“I remember when we left that bakery in Sisters and you had too many donuts to fit in your pack,” Fester said. “I thought I’d bring you a few more.”
He held out a cardboard box with “Dixie Donuts” stamped on the top in black ink. The lid flipped open to reveal ten donuts lined up side by side.
“A few didn’t make it,” his wife Holly said with a smile. “They’re my favorite in Richmond.”
Fester and I hiked most of the last 800 miles of the Pacific Crest Trail together, Oregon and Washington, snow and rain. He’s in a picture that I kept on my desk at the law firm. It’s all of us that finished together standing side by side for the last time in a parking lot at the end of the trail. We’re all smiling and not quite ready to say goodbye.
I remember how we peeled away in pieces, one or two at a time, until I was alone in an airplane at the Seattle airport watching rain run down a window and crying quietly. It was a hard goodbye because we weren’t just loosing each other, we were losing our anchor, our sense of place, the chance to look at someone else who understands what it feels like.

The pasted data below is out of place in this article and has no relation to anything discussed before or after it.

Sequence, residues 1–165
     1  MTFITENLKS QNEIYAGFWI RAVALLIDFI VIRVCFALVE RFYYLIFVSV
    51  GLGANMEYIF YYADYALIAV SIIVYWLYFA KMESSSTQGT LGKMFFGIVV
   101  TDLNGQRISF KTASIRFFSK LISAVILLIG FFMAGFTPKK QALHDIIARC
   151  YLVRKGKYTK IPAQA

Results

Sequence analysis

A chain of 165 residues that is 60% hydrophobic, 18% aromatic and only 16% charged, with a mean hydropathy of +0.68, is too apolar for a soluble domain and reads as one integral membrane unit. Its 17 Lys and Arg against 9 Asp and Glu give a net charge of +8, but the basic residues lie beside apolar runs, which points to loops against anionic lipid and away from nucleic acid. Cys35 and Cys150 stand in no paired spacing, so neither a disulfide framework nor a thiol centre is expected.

The wind hit me as soon as I touched the water out of Elizabeth City. It licked up black waves and shoved me backwards. I fought for inches along the curving river, watching rain soak into the hanging moss and run down the cypress. Then a horn rang out over the trees, distant and hollow, and I knew I’d missed the last lock into the Dismal Swamp.
But the portage didn’t matter. Same for the rain and wind. They didn’t have an edge to them, they couldn’t cut, because I knew Fester and Holly were coming on their way down to Myrtle Beach and even if they could only stop for a moment, just a moment, nothing else mattered because Fester knows my trail name better than my real name and he understands all this better because of it, and that matters more than portages and rain on a grey day.